The police chief leading the fight to stop people becoming terrorists has said government plans targeting alleged extremists are so flawed they risk creating a “thought police” in Britain.
Simon Cole, the police lead for the government’s own Prevent anti-radicalisation programme, said that the plans may not be enforceable and risk making police officers judges of “what people can and can not say”.
His comments in a Guardian interview expose opposition in part of Britain’s security establishment against the planned Conservative government bill which was unveiled last week in the Queen’s speech.
The bill widens Britain’s counter-terrorism fight to legislate against those defined as extremists but who do not advocate terrorism. Supporters of the measures say such people encourage those who want to commit atrocities and are ideological fellow travellers, who undermine common bedrock British values.
However, Cole said that other senior police officers have concerns about the plans and the Guardian has learned separately that several British police chiefs are opposed or have serious reservations.
“Unless you can define what extremism is very clearly then it’s going to be really challenging to enforce,” Cole said.
“We don’t want to be the thought police, we absolutely don’t want to be the thought police.”
Asked if government plans create a danger of that, Cole said: “Potentially there is a risk.”
It is rare for a senior police figures, let alone one who is part of the counter-terrorism establishment, to go on the record to voice scepticism about government plans backed by senior ministers.
David Cameron wants the plans to be part of his legacy and a flagship policy. The bill has been beset by Whitehall wrangling and criticisms over the effects it will have on freedoms in Britain.
Cole, the police lead for the Prevent programme since December, accepted that the plans had triggered deep concerns among Muslims.
Asked if he was concerned he said: “Yes, because the police need to be able to safeguard people without being drawn into a hugely contentious potential role about a kind of thought police control of what people can and can not say.
“And that needs really clearly defining and it needs parliament to lay out what is and isn’t acceptable.”
The government has still not provided a definition of extremism, and critics also point out it will alienate people who might otherwise provide useful information on those posing the most danger to national security as well as feeding a narrative that Muslims are picked on.
Many British Muslims are furious about the plans but Cole pointed out others in society are anxious about them too. “There is real concern about that, I would say not just within specifically the … Muslim communities,” he said.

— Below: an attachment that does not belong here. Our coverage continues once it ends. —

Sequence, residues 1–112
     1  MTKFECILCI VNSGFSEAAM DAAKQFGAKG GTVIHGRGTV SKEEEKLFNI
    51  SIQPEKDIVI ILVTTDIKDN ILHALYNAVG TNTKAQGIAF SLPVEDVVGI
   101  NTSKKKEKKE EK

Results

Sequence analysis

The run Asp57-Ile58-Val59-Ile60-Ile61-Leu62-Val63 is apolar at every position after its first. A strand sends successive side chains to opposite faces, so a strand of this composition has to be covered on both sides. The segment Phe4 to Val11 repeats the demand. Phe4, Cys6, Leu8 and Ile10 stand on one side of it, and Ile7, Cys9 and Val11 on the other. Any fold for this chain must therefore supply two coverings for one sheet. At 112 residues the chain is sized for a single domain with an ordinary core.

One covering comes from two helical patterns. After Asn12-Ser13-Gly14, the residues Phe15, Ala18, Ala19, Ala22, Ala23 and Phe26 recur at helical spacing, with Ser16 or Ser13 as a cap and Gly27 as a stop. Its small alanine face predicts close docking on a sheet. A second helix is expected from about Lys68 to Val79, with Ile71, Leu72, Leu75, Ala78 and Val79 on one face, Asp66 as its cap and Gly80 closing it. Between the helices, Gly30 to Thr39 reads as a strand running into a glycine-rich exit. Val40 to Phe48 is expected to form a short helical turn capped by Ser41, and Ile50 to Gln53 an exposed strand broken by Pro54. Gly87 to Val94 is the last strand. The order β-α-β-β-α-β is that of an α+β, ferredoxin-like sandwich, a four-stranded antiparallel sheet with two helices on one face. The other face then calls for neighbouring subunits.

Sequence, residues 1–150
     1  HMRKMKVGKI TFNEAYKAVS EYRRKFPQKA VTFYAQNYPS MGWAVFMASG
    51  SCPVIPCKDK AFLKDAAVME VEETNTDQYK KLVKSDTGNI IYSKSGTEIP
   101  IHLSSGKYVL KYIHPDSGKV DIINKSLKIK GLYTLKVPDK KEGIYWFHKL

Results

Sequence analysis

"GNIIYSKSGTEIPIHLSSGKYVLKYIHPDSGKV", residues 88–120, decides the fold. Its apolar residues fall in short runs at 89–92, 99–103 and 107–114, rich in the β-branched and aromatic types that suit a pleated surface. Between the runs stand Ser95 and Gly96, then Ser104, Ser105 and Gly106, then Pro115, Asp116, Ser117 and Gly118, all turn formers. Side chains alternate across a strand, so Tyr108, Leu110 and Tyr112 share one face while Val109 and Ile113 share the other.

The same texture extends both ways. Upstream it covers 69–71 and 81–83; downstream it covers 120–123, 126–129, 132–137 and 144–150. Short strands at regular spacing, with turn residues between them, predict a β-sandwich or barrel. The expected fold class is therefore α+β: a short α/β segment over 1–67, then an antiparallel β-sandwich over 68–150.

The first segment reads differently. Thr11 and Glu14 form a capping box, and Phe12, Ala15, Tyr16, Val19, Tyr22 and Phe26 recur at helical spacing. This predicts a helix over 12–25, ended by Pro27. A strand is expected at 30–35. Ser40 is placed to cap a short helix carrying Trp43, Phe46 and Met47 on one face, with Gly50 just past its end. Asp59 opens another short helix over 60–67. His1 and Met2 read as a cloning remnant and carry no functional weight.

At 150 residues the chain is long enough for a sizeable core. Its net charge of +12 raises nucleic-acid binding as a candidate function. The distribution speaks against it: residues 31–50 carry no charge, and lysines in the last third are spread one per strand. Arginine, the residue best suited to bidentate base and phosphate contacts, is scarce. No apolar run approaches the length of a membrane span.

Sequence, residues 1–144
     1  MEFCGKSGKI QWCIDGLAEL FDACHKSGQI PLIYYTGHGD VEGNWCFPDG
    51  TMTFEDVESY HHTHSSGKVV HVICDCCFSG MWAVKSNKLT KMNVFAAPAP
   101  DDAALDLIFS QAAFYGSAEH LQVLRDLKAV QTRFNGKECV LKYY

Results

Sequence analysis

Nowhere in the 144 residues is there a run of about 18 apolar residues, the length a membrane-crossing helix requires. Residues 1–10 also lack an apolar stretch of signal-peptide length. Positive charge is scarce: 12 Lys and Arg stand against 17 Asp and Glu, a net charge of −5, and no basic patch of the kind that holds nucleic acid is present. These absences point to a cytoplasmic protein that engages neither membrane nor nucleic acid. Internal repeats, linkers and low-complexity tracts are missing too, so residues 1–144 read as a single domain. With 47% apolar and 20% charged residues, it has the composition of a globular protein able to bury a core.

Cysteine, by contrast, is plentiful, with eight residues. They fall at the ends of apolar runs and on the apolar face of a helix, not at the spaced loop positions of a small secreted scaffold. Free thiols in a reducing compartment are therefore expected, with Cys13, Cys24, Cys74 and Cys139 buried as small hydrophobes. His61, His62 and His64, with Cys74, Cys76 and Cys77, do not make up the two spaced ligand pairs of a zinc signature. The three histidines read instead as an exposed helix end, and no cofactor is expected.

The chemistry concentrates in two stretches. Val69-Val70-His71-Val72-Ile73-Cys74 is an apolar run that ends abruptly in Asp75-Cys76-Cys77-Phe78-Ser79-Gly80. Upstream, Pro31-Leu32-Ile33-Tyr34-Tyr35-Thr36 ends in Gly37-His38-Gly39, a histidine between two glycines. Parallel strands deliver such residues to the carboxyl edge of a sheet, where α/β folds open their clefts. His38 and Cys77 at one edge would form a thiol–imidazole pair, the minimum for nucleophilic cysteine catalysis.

His senior policing colleagues are among that group, Cole said: “I think we have concerns about how enforceable a piece of legislation would be. I don’t think it’s unreasonable that we reflect on how we would do that and I think we as a profession are very focused on threat and risk and harm and how to deal with it.”
He said it was proper for police chiefs to speak out and offer advice, adding: “It is for the government to decide what to do with legislation, and it is for us to offer, when asked, if asked, to offer an operational view of it.”
Cole said: “Within society as a whole we have to… have some limits about what you can say but they need to be as broad as they possibly can be.”
The counter-extremism bill unveiled last Wednesday includes powers to ban organisations deemed as extremist, gag individuals and allow local councils to shut premises assessed as being used to promote hatred.
Until now the main focus of British policy had been to prevent violent extremism. The proposed new government measures expand the definition of who will be deemed as holding unacceptable views and punished.
It comes amid a sustained terrorist threat since the rise of Isis and with security officials assessing it is highly likely that violent jihadis will attempt to attack the UK.
At the weekend an alliance of organisations and opinion formers jointly criticised the plans.
A statement backed by Liberty, Index on Censorship, the Muslim Council of Britain, and Sir Peter Fahy, the former chief constable of Greater Manchester and Cole’s predecessor as policing lead for Prevent, says: “We are gravely concerned that the proposed counter-extremism and safeguarding bill will feed the very commodity that the terrorists thrive on: fear.
“These proposals will serve to alienate communities and undermine free speech, but there is scant evidence that they will tackle the terrorism we all want to confront.”
Fahy in his last weeks as a chief constable also spoke out against the plans to the Guardian saying they risk undermining the very British values they purport to bolster. But Cole, chief constable of the Leicestershire force, is one of a new generation of police chiefs, potentially hoping for a bigger job, and risks angering a government already critical of the police.